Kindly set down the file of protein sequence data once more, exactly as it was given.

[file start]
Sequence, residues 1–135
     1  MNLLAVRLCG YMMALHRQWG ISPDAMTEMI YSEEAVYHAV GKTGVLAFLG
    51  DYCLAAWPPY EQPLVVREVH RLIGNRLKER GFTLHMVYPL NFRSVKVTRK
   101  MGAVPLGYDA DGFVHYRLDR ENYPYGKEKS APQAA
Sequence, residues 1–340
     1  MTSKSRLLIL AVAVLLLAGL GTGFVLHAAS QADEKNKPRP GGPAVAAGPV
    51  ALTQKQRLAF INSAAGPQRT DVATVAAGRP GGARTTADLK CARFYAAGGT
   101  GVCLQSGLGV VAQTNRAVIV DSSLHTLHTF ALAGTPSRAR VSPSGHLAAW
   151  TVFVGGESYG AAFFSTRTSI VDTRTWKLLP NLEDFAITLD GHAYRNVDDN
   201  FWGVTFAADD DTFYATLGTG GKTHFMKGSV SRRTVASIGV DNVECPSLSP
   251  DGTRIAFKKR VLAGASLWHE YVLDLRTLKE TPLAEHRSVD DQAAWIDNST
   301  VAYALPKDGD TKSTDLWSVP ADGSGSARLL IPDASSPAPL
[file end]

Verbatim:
Sequence, residues 1–135
     1  MNLLAVRLCG YMMALHRQWG ISPDAMTEMI YSEEAVYHAV GKTGVLAFLG
    51  DYCLAAWPPY EQPLVVREVH RLIGNRLKER GFTLHMVYPL NFRSVKVTRK
   101  MGAVPLGYDA DGFVHYRLDR ENYPYGKEKS APQAA
Sequence, residues 1–340
     1  MTSKSRLLIL AVAVLLLAGL GTGFVLHAAS QADEKNKPRP GGPAVAAGPV
    51  ALTQKQRLAF INSAAGPQRT DVATVAAGRP GGARTTADLK CARFYAAGGT
   101  GVCLQSGLGV VAQTNRAVIV DSSLHTLHTF ALAGTPSRAR VSPSGHLAAW
   151  TVFVGGESYG AAFFSTRTSI VDTRTWKLLP NLEDFAITLD GHAYRNVDDN
   201  FWGVTFAADD DTFYATLGTG GKTHFMKGSV SRRTVASIGV DNVECPSLSP
   251  DGTRIAFKKR VLAGASLWHE YVLDLRTLKE TPLAEHRSVD DQAAWIDNST
   301  VAYALPKDGD TKSTDLWSVP ADGSGSARLL IPDASSPAPL